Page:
Just Posted

The Abbotsford International Airshow is back for 2021 with the ‘SkyDrive’ concept.
Abbotsford International Airshow returns for 2021 with ‘SkyDrive’

New format features a drive-in movie type experience, show set for Aug. 6 to 8

A young couple walks through the Othello Tunnels just outside of Hope. (Jessica Peters/Black Press)
Hope’s Othello Tunnels fully open to the public

Geological testing proved the area safe enough to open for the first time in more than a year

FILE
70 per cent of people aged 12 and older in Agassiz-Harrison have been vaccinated

More than 80 per cent of adults aged 50 and older have been vaccinated, as of June 10

Raeya Evie Duncan was the 100th baby born at Chilliwack General Hospital for the month of May. She is seen here with her parents Alysha Williams and Andrew Duncan on June 12, 2021. (Jenna Hauck/ Chilliwack Progress)
Baby boom in Chilliwack as record number of infants born at CGH in May

‘COVID babies are coming out,’ says dad of 100th baby born at Chilliwack General Hospital last month

Agassiz Agricultural Hall hosts COVID-19 vaccination clinics every Wednesday. District officials reported more than 300 doses are administered per week. (Adam Louis/Observer)
Walk-in COVID vaccine clinic scheduled for Wednesday

Walk-in appointments available while supplies last from 3 p.m. to 6 p.m.

Maxwell Johnson is seen in Bella Bella, B.C., in an undated photo. The Indigenous man from British Columbia has filed complaints with the B.C. Human Rights Tribunal and the Canadian Human Rights Commission after he and his granddaughter were handcuffed when they tried to open a bank account. THE CANADIAN PRESS/HO-Heiltsuk Nation, Damien Gillis, *MANDATORY CREDIT*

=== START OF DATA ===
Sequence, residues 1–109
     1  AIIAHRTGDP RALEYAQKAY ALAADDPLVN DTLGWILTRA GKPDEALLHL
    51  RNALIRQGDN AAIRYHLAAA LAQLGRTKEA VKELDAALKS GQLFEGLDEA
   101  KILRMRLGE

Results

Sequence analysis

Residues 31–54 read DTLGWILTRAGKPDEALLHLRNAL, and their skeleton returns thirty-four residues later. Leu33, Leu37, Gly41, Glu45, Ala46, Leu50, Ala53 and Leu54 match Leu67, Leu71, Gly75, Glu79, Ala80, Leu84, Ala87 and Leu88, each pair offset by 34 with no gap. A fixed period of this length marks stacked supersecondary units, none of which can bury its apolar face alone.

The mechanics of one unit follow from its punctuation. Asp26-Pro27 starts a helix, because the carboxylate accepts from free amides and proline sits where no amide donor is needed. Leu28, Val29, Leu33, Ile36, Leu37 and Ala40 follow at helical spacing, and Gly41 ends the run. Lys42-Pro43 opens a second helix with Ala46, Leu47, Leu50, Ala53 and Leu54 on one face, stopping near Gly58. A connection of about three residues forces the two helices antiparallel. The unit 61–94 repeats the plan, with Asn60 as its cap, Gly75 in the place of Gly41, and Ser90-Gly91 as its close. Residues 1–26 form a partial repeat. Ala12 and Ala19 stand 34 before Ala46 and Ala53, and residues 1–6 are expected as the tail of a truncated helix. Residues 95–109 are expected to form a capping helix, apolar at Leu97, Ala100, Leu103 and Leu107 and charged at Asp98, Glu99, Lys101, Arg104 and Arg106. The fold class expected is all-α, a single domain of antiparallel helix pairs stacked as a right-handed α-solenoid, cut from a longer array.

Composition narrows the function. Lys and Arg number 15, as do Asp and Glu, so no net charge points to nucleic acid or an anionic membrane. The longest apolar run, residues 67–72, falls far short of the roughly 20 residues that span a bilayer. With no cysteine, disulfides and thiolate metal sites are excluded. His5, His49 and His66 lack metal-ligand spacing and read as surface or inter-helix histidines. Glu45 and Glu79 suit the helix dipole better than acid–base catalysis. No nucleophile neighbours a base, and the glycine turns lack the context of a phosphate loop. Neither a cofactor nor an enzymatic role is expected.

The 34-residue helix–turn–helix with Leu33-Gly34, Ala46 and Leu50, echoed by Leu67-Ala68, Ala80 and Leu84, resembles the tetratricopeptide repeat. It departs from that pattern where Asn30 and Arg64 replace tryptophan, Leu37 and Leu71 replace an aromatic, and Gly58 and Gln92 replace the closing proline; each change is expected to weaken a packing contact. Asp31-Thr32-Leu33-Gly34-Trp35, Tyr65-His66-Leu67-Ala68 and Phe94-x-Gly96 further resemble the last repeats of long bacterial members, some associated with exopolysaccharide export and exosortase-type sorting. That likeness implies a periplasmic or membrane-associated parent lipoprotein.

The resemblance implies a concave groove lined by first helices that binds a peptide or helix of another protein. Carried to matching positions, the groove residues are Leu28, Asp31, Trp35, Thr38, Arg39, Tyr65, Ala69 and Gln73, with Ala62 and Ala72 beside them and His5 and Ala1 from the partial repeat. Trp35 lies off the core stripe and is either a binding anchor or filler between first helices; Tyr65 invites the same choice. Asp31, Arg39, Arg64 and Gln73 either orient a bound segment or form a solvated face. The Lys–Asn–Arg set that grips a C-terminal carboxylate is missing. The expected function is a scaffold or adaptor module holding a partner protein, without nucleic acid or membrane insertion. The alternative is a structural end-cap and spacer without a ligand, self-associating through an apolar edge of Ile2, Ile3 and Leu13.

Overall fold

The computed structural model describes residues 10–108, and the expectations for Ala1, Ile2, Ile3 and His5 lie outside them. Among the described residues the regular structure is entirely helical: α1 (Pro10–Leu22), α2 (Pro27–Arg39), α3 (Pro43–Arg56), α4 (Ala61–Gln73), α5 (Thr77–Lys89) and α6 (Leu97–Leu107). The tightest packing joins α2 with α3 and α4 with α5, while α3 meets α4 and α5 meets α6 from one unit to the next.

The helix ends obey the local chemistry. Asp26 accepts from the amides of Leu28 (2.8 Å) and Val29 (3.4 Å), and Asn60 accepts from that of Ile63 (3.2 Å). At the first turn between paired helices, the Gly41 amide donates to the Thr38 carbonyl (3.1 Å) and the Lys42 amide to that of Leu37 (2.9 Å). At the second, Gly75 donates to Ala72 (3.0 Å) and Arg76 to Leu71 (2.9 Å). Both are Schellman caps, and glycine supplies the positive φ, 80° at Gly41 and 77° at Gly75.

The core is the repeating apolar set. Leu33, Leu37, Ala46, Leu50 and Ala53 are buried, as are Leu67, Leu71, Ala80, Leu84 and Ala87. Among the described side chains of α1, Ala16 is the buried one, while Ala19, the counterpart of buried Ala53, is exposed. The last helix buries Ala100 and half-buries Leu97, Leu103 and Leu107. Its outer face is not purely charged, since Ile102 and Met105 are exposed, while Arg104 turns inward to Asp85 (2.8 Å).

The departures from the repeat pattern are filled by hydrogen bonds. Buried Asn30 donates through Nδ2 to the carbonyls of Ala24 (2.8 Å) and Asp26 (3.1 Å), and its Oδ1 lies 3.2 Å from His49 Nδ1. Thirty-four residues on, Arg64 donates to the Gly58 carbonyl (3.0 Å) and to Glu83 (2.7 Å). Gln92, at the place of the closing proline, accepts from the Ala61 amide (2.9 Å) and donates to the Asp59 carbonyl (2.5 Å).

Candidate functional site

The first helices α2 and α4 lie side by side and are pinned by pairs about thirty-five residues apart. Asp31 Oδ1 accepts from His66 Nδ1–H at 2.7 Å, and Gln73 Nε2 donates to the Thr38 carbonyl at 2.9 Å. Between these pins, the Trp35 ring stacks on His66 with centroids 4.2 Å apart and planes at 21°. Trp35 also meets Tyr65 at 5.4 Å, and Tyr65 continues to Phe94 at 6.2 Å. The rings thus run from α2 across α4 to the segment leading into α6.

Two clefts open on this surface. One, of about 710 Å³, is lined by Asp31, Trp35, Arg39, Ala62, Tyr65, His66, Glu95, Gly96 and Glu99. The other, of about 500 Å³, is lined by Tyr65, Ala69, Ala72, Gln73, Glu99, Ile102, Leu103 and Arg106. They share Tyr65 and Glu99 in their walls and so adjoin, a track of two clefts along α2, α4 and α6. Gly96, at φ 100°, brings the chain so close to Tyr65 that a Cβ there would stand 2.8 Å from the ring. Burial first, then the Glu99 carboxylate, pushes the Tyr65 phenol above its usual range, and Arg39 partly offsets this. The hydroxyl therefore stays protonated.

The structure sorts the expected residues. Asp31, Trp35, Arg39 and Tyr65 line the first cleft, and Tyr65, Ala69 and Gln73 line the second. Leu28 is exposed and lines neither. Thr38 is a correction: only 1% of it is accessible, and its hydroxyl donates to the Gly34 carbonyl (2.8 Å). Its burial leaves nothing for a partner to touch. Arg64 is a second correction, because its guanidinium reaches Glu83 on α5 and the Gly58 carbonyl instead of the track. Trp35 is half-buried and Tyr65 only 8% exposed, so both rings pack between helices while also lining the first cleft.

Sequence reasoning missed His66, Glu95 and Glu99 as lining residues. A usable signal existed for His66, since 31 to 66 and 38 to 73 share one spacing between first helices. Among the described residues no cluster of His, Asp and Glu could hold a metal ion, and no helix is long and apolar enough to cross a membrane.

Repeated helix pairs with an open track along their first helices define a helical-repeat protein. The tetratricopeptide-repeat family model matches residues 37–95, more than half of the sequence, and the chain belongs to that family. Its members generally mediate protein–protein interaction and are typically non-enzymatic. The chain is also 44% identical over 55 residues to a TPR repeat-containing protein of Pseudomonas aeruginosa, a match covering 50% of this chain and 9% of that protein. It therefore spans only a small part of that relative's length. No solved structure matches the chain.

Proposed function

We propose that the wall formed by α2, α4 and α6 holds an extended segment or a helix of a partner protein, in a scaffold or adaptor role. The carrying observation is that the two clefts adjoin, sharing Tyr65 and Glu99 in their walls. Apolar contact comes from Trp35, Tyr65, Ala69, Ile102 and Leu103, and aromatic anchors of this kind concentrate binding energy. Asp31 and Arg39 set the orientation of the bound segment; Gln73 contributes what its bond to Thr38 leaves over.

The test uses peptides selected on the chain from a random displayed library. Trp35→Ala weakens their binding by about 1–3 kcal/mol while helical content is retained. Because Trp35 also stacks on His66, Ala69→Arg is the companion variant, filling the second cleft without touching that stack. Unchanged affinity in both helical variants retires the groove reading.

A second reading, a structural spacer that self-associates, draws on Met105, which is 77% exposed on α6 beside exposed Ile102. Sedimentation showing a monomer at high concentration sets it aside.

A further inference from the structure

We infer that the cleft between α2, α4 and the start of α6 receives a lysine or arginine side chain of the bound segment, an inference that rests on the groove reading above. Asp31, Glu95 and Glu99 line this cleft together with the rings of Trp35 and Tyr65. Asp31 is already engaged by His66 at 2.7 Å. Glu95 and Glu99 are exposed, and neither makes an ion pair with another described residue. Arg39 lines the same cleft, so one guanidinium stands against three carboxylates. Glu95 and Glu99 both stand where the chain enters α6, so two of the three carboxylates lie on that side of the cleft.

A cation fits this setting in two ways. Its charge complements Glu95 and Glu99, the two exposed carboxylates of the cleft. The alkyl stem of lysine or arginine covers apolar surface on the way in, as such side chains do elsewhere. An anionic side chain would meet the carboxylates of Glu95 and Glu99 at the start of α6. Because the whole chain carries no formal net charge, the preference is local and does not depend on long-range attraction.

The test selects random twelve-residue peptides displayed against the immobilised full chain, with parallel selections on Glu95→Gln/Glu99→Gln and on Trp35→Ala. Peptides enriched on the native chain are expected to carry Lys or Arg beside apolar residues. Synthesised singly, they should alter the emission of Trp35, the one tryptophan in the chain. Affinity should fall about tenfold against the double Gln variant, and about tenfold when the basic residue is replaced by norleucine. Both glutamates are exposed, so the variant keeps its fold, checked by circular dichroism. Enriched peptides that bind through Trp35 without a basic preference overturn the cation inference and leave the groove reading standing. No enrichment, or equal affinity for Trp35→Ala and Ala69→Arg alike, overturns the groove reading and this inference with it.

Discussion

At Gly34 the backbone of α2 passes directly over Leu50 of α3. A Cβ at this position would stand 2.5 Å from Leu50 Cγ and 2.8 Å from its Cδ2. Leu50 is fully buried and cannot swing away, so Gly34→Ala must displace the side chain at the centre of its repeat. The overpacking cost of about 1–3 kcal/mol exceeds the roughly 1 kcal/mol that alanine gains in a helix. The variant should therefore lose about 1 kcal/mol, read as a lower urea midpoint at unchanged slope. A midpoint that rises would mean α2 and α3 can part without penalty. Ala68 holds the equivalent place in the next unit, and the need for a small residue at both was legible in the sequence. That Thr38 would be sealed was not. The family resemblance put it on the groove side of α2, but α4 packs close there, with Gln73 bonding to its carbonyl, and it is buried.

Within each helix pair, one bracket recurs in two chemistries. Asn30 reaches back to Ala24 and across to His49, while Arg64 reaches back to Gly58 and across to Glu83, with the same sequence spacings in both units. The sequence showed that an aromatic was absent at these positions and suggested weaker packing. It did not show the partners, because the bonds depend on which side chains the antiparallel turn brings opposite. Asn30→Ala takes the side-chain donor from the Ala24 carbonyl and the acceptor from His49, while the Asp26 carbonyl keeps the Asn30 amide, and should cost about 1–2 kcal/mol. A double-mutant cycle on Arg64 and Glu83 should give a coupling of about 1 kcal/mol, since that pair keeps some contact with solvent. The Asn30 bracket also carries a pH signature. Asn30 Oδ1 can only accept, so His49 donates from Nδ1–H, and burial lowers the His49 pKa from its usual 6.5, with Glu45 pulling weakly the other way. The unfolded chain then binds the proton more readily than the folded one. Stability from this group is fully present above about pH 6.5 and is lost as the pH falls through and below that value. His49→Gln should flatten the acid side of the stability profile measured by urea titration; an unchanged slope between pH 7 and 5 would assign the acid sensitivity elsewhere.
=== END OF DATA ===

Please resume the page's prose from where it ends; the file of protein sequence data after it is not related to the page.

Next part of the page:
VIDEO: Chiefs join human rights case of Indigenous man handcuffed by police in B.C. bank

Maxwell Johnson said he wants change, not just words, from Vancouver police

Tk’emlups te Secwepemc Chief Rosanne Casimir stands outside the former Kamloops Indian Residential School after speaking to reporters, in Kamloops, B.C., on Friday, June 4, 2021.THE CANADIAN PRESS/Darryl Dyck
Kamloops chief says more unmarked graves will be found across Canada

Chief Rosanne Casimir told a virtual news conference the nation expects to release a report at the end of June

A woman wears a vaccinated sticker after receiving a COVID-19 vaccine at a vaccination clinic run by Vancouver Coastal Health, in Richmond, B.C., Saturday, April 10, 2021. THE CANADIAN PRESS/Jonathan Hayward
B.C. ranks among highest in world in COVID-19 first-dose shots: health officials

More than 76% of eligible people have received their 1st shot

A screenshot of the First Peoples Cultural Councils First Peoples’ Map. (First Peoples Cultural Council)
Online resource blends B.C.-Alberta’s Indigenous languages, art and culture

Advisor says initiative supports the urgent need to preserve Indigenous languages

Join Black Press Media and Do Some Good
Join Black Press Media and Do Some Good

Pay it Forward program supports local businesses in their community giving

Cannabis bought in British Columbia (Ashley Wadhwani/Black Press Media)
Is it time to start thinking about greener ways to package cannabis?

Packaging suppliers are still figuring eco-friendly and affordable packaging options that fit the mandates of Cannabis Regulations

An artists conception of the new terminal building at the Pitt Meadows Regional Airport.
Air travel taking off in B.C., but lack of traffic controllers a sky-high concern

There will be demand for more air traffic controllers: Miller

Canadian Armed Forces experts are on their way to North Vancouver after a local homeowner expressed worry about a military artifact he recently purchased. (Twitter DNV Fire and Rescue)
Military called in to deal with antique ‘shell’ at North Vancouver home

‘The person somehow purchased a bombshell innocently believing it was an out-of-commission military artifact’

Most Read